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Oracle on Linux

Purpose of this tutorial.

The purpose of this turtorial is to get you running Oracle in as little time and as stress free as possible. It should also leave you in a position where you can take your investigations of Oracle further. If you have any questions please feel free to Contact Me.

What this tutorial is not.

This guide will NOT leave you with a fully tuned unbreakable database or even a database that will perform well but it will leave you in a position where you can start looking at the various features supported by Oracle. I would not recommend using this tutorial to base a production install on.

Is it hard to Install.

This is a very subjective question and depends very much on who you ask. If you ask a DBA who has been using Oracle for years then you will probably be told that it depends what you want to use it for.

If you want to have a simple database to learn PL/SQL, run a test website against or try and port an application to then the database should be relatively easy to install and get running, at least no harder than Postgres or MySQL. The Oracle Universal Installer will be more than sufficient to get you up and running in no time at all, when it works, but thats another story.

On the other hand if we look at the typical scenario where a companies data has become its most critical asset then the expectations and requirements from your choosen O/RDBMS become that much greater. Imagine trying to setup a cluster with a standby or a distributed database replicated all over the world. Oracle is one of the few products today that support these types of features but it is not an easy task setting them up and even harder to manage them properly when they are running.

Some preliminaries

This tutorial will teach you how to install Oracle on Redhat Advanced Server 2.1 (RHAS). For people wanting to install Oracle onto different platforms please check out which platforms are supported RHAS 2.1 is not mentioned as a supporterd platform in the install guide but I assure you that it is. Oracle can also be installed onto other flavours of Linux if you have a big enough stick to beat it with but for a first timer I recommend running with a supported platform. All of the required documentation that you will ever need can be found here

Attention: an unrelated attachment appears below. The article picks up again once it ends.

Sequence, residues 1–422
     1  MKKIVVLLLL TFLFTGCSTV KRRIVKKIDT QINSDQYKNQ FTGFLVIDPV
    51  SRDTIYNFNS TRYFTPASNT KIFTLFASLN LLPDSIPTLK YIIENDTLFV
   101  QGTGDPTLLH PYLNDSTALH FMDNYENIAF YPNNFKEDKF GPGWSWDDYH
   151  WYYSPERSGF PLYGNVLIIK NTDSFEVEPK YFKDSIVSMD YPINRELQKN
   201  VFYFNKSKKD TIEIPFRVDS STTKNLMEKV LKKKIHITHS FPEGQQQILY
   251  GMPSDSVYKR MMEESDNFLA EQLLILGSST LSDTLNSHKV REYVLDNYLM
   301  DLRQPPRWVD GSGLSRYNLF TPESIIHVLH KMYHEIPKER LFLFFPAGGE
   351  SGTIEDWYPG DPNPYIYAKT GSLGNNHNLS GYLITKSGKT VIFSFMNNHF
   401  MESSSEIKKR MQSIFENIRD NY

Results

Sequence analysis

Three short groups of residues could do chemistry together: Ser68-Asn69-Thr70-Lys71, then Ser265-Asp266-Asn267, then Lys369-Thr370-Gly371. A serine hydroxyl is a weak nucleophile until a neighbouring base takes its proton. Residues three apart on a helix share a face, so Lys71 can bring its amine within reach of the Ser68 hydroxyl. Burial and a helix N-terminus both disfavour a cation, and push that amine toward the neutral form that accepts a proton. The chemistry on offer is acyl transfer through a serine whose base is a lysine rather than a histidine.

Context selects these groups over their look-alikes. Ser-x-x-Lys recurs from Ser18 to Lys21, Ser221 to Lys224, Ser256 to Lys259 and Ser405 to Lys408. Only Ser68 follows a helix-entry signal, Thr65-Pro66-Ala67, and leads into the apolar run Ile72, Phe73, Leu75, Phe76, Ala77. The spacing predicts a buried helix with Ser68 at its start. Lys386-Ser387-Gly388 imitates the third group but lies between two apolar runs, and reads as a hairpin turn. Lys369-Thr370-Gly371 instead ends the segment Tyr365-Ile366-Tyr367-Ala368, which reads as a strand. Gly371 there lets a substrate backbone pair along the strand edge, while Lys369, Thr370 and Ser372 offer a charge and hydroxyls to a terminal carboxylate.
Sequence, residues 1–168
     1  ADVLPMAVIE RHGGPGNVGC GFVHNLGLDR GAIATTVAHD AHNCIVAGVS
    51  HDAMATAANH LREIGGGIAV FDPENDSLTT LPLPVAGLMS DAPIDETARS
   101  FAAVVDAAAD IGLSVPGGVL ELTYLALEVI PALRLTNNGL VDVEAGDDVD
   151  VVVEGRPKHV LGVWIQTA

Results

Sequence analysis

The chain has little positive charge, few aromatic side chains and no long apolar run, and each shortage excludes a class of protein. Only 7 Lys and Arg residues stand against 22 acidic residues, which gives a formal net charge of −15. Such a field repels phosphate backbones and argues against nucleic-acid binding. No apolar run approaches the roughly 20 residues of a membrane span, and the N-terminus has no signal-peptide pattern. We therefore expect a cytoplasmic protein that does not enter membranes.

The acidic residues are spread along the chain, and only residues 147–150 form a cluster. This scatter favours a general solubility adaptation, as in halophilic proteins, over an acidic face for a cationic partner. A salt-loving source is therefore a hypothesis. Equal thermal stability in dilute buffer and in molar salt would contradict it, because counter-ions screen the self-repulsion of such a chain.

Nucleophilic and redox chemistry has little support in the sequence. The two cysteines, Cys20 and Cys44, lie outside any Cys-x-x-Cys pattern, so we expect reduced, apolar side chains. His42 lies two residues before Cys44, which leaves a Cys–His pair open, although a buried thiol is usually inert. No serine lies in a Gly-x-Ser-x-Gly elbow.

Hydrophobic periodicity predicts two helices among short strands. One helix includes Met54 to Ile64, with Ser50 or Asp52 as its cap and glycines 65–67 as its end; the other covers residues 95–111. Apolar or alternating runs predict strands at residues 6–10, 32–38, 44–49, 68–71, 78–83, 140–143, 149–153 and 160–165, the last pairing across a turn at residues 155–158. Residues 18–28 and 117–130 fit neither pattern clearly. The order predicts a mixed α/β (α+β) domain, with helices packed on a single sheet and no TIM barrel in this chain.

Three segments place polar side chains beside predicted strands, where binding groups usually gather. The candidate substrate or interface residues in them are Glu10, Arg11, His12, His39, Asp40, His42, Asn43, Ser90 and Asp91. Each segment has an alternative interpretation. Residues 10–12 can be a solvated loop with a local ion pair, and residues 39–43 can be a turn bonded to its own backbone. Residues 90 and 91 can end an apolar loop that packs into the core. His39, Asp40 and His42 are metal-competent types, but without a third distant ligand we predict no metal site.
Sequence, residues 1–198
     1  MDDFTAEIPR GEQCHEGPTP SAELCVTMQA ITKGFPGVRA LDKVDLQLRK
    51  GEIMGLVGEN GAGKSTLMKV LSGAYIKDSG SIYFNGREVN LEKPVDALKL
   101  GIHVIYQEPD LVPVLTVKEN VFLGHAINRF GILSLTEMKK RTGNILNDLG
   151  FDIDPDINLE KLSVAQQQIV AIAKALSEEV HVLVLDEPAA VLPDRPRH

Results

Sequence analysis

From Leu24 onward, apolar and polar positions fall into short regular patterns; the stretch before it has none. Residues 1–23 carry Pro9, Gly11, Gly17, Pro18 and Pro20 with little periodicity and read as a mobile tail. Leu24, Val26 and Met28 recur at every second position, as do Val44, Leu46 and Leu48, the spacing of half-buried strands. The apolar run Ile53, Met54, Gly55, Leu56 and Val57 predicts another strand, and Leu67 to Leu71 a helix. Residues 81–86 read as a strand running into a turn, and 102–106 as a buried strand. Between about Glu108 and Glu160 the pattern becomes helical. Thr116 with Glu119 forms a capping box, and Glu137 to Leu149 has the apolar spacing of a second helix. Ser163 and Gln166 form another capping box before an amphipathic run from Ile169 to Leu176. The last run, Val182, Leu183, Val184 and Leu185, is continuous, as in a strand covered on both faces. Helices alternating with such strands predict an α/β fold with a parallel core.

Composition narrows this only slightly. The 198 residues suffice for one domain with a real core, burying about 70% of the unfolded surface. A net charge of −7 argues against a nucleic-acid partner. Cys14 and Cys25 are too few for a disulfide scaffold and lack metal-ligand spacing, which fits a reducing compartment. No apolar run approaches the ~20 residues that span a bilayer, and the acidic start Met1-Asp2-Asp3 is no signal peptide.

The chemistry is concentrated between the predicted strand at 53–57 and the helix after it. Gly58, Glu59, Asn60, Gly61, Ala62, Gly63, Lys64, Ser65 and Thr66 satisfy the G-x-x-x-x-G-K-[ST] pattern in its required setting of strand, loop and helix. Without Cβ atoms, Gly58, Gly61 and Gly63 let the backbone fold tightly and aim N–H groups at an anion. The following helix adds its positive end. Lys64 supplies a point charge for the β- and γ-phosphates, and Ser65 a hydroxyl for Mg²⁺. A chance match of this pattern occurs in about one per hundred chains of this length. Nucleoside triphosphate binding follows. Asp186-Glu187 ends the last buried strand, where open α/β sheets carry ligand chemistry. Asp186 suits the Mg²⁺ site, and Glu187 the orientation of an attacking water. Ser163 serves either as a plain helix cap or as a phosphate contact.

Oracle has been installed on various flavours of Linux including Debian. I cannot tell how much success you will have by using this turtorial and a version of Linux other that RHAS 2.1 but the install procedure will be pretty similar on any Linux platform you choose.

Getting Started

I have taken some ot the following requirements from the Oracle documentation and some from my system.

Hardware requirements

You will need a minimum of 512Mb of RAM, I am not sayingmaking this up I have tried it with less and it is an absolute bugger to install. Oracle is a memory intensive beast and the more RAM you can afford the better. Swap space should be at least the same size as you RAM. You will also need about 5/6Gb of free space on a single hard drive.

Software Requirements

            RHAS 2.1 Developers Edition. 
            Kernel 2.4.7
            Glibc 2.2.2
            X Windows
            My Platform Setup
            1 20Gb Fujitsu 10000rpm SCSI
            3 20Gb IDE
            512Mb RAM
            AMD XP1700
            Kernel Version 2.4.9e.5

Checking Software Requirements

To check that you have the correct kernel and software versions you can use the following commands.

                cat /proc/sys/kernel/osrelease
            	rpm -q gcc cpp compat-libstdc++ glibc-devel kernel-headers binutils


The first thing to do is to acquire the software. Oracle is freely available for development purposes and can be downloaded from their website. I did contact Oracle about doing a demo website running on Oracle for my CV but the where going to charge me several thousand pounds for the priviledge so I decided to use Postgres instead. Be aware that the software is over 1.5Gb and comes on three CD,s To download Oracle follow this link You may need to become a member of the Oracle Technical Network to get the software. I can recommend becoming a member and subscribing the the Bi Monthly Oracle Magazine which is free. It has some great articles on Linux and some of the uses people are putting it to.

Under version Choose. (Do not choose

Oracle9i Database Release 2 Enterprise/Standard Edition for Linux

There is a lot of data to be downloaded so either ask someone with a very fast connection to download them for you or go to an internet cafe where they can do this for you. Follow the process until you get to the software donwload page and download the three disks.

Burn the disks to CD's for future use if required.

Kernel Configuration

Before starting the install there are a few things that we need do to the kernel first. You will need to be logged in as root to perform these tasks. Everyone knows the dangers of logging in as root but it never hurts to be told. Be careful.